he degenerates into a travestied Macchiavelli. "He favours me", says Machevil of his cliënt. Henceforth he becomes a pragmatic Marlowesque atheist, in spite of his detailed knowledge of and appeals to the Testament. Logic-chopping was as characteristic of Christian divines as of the Rabbis in the age when religious disputation was the chief business of intellectual life. The most distinctive trait about him is the trick of interspersing his speech with Spanish tags, which make one curious to know how Marlow got hold of them 1: Bueno para todos mi ganado no era. Hermoso placer de los dineros. Yet the effect of the Spanish as a Jewish trait is diminished by the incongruous Latin: Ego mihimet sum semper proximus; and by the comparison of his one sole daugther with "Agamemnon's Iphegen". To the victims of the Church, Latin was a heathenish tongue, and these interlardings (to use an un-Jewish simile) spoil the unity of the effect.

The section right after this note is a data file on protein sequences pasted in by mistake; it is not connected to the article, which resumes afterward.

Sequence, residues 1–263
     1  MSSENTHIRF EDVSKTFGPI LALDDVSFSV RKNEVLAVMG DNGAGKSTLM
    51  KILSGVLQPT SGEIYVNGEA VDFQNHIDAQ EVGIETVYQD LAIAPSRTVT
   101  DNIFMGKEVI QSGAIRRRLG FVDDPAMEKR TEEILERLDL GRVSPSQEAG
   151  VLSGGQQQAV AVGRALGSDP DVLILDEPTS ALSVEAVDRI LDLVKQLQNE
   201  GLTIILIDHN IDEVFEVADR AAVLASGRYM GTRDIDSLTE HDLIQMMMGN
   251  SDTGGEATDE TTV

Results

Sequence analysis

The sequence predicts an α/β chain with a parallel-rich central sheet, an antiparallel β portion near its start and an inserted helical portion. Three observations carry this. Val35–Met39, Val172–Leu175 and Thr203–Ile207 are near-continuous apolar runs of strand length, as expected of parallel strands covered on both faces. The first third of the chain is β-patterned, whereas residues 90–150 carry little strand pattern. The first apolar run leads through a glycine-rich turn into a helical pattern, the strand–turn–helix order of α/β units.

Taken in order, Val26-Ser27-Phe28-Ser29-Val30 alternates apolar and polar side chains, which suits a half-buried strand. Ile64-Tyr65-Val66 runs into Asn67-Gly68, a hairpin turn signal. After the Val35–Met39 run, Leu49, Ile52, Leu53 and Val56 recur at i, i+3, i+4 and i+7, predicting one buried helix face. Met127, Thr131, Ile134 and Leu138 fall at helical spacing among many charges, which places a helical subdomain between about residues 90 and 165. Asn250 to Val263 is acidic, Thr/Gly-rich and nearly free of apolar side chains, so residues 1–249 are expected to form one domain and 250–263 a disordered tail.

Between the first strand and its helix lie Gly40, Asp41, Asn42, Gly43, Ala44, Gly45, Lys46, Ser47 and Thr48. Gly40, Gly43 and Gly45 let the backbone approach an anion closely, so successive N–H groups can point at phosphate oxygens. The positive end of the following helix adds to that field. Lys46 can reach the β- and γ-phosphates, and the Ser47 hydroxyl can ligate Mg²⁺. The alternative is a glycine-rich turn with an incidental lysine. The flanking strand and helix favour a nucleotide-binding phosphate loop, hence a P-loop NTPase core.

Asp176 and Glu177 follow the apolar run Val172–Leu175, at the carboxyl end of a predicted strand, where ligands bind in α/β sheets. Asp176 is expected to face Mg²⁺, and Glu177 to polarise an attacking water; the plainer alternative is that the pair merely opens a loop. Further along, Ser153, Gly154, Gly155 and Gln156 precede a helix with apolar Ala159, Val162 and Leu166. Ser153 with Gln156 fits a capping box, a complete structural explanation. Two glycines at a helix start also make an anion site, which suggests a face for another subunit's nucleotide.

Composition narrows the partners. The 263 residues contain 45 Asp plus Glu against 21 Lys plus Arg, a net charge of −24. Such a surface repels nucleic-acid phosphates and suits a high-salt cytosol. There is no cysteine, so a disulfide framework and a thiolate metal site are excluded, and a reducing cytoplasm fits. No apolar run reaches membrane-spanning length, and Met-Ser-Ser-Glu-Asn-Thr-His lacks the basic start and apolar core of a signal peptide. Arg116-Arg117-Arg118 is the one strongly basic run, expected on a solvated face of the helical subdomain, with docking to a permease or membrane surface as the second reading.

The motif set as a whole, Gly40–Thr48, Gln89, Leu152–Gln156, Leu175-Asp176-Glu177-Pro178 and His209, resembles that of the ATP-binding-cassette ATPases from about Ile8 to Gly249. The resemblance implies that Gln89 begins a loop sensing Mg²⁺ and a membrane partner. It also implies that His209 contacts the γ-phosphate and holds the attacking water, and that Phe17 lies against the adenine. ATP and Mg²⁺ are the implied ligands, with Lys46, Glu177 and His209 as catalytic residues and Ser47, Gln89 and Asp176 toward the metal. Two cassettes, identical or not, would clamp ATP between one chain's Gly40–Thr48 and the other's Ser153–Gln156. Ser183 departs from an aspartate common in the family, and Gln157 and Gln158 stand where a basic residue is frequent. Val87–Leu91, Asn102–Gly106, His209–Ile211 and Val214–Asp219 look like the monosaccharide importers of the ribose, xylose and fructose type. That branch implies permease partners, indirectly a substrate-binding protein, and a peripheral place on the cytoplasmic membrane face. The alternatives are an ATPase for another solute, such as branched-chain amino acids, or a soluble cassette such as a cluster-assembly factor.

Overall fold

Marlowe's book-lore concerning Jews is superior to his knowledge from observation; his picture is not consistent. Observe the mixed effect of such passages as:
The plagues of Egypt, and the curse of Heaven Earths barrenesse, and all mens Hatred Inflict upon them, thou great Primus Motor ! And here upon my knees, striking the earth, I banne their soules to everlasting paines.
1 Were they originally copied pure from a Spanish phrasebook, probably accessible to a university man like Marlow, and then corrupted in the press, like Shakespeare's Italian? Shakespeare learnt his French from the wigmaker Mountjoy at whose house he lived from 1598—1604 (see Wallace, Shakespeare Jahrbuch 43. p. VIII) Marlow may have sought acquaintance with a Spaniard, a sailor, or perhaps a Maranno in some London haunt.